Labour Day- a la japonaise

  Labour Day in Japan is in November. As far as I know, there is no particular reason but it comes at a particularly good time because with the cold weather coming on and with the "business year" having dragged on since April, by November most folks are in need of a little holiday.

  I just had a lovely long Labour Day weekend.  I celebrated this by NOT working.  I went to a nearby shrine and watched my Irish friend beat on a Japanese drum. The Japanese have this ceremonious drum beating (taiko) so she joined a troupe of drummers to learn this. After seeing the biceps on some of those boys, I'm starting to think she didn't join to learn the ceremony.  These drums range from about the size of a large pot (for beginners like my friend) to drums big enough to crawl in and sleep.  And they beat them furiously and shout meaningless (at least to me) things. What a great way to get out frustrations!  I wish we had one in the teacher's room!

   This was a public performance so K and I sat on the steps with everyone else and got front step… er… row seats.  

  Then my Irish friend and I went for a soak and gab at the local hotspring. I LOVE hotsprings! Just one big giant tub and saunas and things to pamper yoursef.  All the while you're enjoying this you can chat with your friends. Keep in mind that everyone is naked at these things so there's few secrets between you and your bath friends. In fact they say here that bath friends are best friends.

  Saturday, I spent at the wood shop with a coworker, her sister and her sister's 5 year-old.  The girls worked on their own projects while the 5 year-old and I made a bench from some scrap wood. Generally I showed him how to use a hammer and let him try by himself under supervision.  This gave him the chance to do a lot of hammering. I'd make sure the nail was in the right place, give it a few taps and leave it to him to wham in there.  He was getting pretty good at this WHAMMING and was beating nails in securely when WHAM! he came down on his thumb.  He didn't cry he just looked sort of shocked.  He fell silent, rubbed his thumb a lot and sat there stunned.  We also let him try the sander since the worst he could possibly do would vibrate the thing wildly against an unsuspecting leg.  For all 5 minutes that he did it we watched closely.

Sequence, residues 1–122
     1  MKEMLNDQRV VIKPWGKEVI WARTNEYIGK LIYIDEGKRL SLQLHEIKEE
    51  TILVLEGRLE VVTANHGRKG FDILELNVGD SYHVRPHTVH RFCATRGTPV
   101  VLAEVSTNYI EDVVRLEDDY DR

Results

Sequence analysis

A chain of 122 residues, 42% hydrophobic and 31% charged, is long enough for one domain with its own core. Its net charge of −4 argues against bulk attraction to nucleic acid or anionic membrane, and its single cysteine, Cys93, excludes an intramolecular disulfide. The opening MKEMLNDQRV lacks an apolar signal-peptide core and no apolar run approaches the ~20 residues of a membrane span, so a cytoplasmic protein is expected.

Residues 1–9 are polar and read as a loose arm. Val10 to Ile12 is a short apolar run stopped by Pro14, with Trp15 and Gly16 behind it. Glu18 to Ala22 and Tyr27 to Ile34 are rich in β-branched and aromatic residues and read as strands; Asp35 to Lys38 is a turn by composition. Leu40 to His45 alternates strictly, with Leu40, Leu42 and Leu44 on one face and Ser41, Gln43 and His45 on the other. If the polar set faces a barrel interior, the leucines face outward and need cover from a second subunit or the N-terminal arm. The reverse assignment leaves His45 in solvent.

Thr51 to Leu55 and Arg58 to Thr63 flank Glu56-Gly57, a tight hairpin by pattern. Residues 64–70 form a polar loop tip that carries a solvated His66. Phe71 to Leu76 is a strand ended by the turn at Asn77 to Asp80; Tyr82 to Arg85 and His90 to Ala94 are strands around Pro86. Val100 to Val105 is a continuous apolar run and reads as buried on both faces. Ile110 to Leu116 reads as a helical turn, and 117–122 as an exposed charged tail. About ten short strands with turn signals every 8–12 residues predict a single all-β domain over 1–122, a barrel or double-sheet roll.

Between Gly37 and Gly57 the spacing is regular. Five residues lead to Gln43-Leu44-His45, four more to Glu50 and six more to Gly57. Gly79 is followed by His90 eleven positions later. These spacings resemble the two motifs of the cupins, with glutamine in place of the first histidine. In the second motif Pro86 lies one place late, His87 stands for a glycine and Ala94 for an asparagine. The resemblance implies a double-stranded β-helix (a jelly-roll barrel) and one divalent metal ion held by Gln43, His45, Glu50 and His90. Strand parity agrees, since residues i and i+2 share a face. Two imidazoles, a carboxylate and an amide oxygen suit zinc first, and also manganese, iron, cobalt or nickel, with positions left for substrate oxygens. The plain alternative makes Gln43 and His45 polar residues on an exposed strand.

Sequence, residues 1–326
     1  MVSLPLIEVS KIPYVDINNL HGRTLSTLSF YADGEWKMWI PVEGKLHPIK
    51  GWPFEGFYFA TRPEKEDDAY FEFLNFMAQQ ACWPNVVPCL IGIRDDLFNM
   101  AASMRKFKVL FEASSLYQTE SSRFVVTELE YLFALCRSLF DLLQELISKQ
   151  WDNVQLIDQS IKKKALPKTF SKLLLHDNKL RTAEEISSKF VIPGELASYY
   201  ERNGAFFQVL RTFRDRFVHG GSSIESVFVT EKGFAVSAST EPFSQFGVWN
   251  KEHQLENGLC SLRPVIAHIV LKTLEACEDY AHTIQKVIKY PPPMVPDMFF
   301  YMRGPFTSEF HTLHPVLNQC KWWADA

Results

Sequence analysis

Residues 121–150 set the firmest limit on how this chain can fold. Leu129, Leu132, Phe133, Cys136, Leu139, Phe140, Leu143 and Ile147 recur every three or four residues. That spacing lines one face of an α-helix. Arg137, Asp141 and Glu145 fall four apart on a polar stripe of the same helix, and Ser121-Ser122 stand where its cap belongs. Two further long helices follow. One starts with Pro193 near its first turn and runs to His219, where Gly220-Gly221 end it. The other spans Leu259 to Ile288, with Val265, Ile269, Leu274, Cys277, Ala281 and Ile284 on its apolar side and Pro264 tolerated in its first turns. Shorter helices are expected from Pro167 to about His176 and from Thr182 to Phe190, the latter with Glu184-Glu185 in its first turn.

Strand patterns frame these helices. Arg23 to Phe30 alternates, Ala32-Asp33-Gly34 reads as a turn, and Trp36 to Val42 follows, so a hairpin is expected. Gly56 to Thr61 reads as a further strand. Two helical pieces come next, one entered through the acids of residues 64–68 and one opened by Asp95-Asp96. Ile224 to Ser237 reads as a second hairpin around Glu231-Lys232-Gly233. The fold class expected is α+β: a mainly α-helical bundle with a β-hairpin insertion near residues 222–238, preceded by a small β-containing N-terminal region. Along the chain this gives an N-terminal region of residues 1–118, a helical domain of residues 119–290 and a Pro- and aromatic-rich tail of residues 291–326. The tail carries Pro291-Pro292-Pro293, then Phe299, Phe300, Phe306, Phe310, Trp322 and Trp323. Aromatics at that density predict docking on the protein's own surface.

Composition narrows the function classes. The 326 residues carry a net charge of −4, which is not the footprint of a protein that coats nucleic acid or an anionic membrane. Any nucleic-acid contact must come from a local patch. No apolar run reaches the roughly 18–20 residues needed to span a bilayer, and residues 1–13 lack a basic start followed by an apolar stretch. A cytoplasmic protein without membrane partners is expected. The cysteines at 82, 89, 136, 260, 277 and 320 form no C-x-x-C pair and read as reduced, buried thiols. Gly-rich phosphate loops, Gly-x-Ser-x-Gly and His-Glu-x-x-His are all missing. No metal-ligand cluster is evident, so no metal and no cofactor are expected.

Yesterday, I went to Yamaguchi to peek at the new outdoors shop in town.  Well miss I-don't-need-anything found about $400 worth of stuff she was drooling over.  Lucky K brought his reason in with him 'cause I left mine in the car.  He told me to look in my wallet and then buy something.  So I only walked out with a set of gaiters (not the kind of things we called gaiters, but boot covers to keep the snow out) and moleskins (fancy bandaids for blisters) and left behind the sleeping bag cover, the fancy hiker pants, the lantern, the….

  We dropped by to visit a friend who had prepaared a BBQ for us. So we spent the evening feasting in the great outdoors under the stars and the moon.  With a good warm fleece it was just right (until the coals died down).  I knew I should have bought the new gortex jacket I was eying!

 So now I'm back labouring at my job…. oh well, they can't all be labour day weekends.

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About MrsMom

Just another Mom but trying my best to raise my two in the outback of Japan
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